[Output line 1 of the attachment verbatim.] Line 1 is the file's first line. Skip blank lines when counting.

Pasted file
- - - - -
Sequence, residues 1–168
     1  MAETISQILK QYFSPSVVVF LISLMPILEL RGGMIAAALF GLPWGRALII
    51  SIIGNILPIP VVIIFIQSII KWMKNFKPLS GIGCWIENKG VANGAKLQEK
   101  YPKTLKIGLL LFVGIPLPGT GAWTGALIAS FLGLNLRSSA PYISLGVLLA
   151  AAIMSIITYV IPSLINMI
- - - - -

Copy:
Sequence, residues 1–168